Porcelain manufacturer Meissen looks to shake off its dusty image

|     Joerg Schurig     |

MEISSEN, Germany (dpa) – After a brief foray into the luxury goods market, renowned German porcelain maker Meissen is returning to what it does best: China.

“After we took the financing decision in October, we are implementing our plans with zeal,” says Georg Nussdorfer, who has been one of the company’s directors for a year and is responsible for marketing and distribution.

The 300-year-old company now aims to produce the best porcelain in the world, and customers have reacted positively to the decision, he says.

In 2009, under former director Christian Kurtzke, the company took a complete change of direction.

Kurtzke wanted to transform Meissen into a maker of luxury clothes, jewellery and accessories. The plan failed  miserably.

In 2014, the company booked losses of 19.2 million euros (22.7 million dollars). The following year it lost 12.1 million euros.

The manufacturer was forced to borrow 22 million euros from the state of Saxony. The delayed repayment will start in 2021 over a period of 10 years, giving the company a chance to breathe.

“Our biggest task is to make porcelain desirable again,” says Nussdorfer.

But even though Meissen is “engraved into people’s minds as a brand”, the idea is not necessarily a sure-fire moneymaker, he says.

Porcelain painter Kerstin Hoentsch decorates a vase at the Meissen building in the eastern German town bearing its name

The 46-year-old Austrian, who worked for the jewellery-maker Swarovski for many years, is targeting young people.

“The old Meissen had a certain ability to mock itself, a cheekiness and was also a bit critical of society, you only have to think of the monkey orchestra,” Nussdorfer says, referring to a famous set of figurines the company made in the 18th Century.

“That’s something we can reinterpret,” he continues.

But most importantly, Meissen’s motto will have to be “Out of the shop window and onto the table.”

Meissen’s reputation as a maker of fine porcelain could, in fact, end up holding it back – many people will bring it out only for special occasions, otherwise keeping it on display.

But Nussdorfer doesn’t want its products to become museum pieces, only found in Meissen boutiques and specialist shops – he wants the company to start changing its image.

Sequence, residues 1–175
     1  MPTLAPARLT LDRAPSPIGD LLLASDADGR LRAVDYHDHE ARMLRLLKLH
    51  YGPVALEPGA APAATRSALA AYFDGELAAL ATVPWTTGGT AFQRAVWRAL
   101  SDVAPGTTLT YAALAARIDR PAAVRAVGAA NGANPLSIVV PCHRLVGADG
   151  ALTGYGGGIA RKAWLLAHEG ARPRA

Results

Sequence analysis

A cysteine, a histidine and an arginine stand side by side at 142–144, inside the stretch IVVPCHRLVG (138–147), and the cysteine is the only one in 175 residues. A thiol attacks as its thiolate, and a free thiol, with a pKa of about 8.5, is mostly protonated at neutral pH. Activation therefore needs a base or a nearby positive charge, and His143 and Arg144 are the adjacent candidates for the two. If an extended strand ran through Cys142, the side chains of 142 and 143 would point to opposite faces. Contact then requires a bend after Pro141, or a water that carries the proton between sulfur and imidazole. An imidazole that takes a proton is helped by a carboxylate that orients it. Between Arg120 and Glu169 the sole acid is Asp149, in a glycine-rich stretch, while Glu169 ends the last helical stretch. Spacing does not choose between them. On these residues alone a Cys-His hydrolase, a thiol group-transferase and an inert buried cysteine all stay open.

While there’s still a lot in flux, Meissen is clear about its target markets.

“Japan, Taiwan, China, Russia, parts of the Arab world and the US,” says Nussdorfer, adding that he’s aiming for “luxury-orientated customers”.

By the end of 2020, he plans to have the company back in the black. The company was forced to take some tough measures as it changed course once again. Around 60 jobs were cut, though only around a dozen people were made redundant.

The return to its original business was regarded as a liberation by most, according to the workers council at the manufacturer.

The job cuts were “fair to the interests of both sides”.

Nussdorfer is aware of the dangers ahead.

“By focussing back on the porcelain, there’s a tendency to return to old ways and just do everything as we did before,” he says.

But change is sorely needed. “Now we need to start using our energy to move us forward,” he adds.

The Association of the Ceramics Industry in Germany doesn’t evaluate the future prospects of individual firms.

“For the high-value sector, especially handcrafted porcelain products, there are difficulties in important export markets like Russia,” director Rene Holler says.

“We believe that exports will increase in the midterm, but a concrete prediction for 2018 isn’t possible,” he adds.

Aside from that, he continues, the branch is not homogenous.

Demand for ceramics in hotels, for example, has risen, whereas the household porcelain sector has seen a slight drop in demand. – Text and Photo by DPA